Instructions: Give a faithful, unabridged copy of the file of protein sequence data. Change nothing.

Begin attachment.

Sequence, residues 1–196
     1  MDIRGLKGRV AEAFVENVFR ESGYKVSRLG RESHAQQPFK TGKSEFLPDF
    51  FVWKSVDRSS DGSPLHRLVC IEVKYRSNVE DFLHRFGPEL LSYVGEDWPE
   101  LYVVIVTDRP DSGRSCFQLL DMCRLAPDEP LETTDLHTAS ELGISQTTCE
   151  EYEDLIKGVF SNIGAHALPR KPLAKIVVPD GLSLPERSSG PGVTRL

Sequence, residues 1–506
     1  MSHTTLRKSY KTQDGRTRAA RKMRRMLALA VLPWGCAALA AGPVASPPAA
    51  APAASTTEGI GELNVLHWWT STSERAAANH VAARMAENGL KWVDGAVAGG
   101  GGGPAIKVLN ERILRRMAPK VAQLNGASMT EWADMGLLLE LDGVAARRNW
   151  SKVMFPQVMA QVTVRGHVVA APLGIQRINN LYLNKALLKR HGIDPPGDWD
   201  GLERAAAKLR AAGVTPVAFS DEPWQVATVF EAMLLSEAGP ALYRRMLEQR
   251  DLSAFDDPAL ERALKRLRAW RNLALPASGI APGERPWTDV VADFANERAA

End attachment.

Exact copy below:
Sequence, residues 1–196
     1  MDIRGLKGRV AEAFVENVFR ESGYKVSRLG RESHAQQPFK TGKSEFLPDF
    51  FVWKSVDRSS DGSPLHRLVC IEVKYRSNVE DFLHRFGPEL LSYVGEDWPE
   101  LYVVIVTDRP DSGRSCFQLL DMCRLAPDEP LETTDLHTAS ELGISQTTCE
   151  EYEDLIKGVF SNIGAHALPR KPLAKIVVPD GLSLPERSSG PGVTRL

Sequence, residues 1–506
     1  MSHTTLRKSY KTQDGRTRAA RKMRRMLALA VLPWGCAALA AGPVASPPAA
    51  APAASTTEGI GELNVLHWWT STSERAAANH VAARMAENGL KWVDGAVAGG
   101  GGGPAIKVLN ERILRRMAPK VAQLNGASMT EWADMGLLLE LDGVAARRNW
   151  SKVMFPQVMA QVTVRGHVVA APLGIQRINN LYLNKALLKR HGIDPPGDWD
   201  GLERAAAKLR AAGVTPVAFS DEPWQVATVF EAMLLSEAGP ALYRRMLEQR
   251  DLSAFDDPAL ERALKRLRAW RNLALPASGI APGERPWTDV VADFANERAA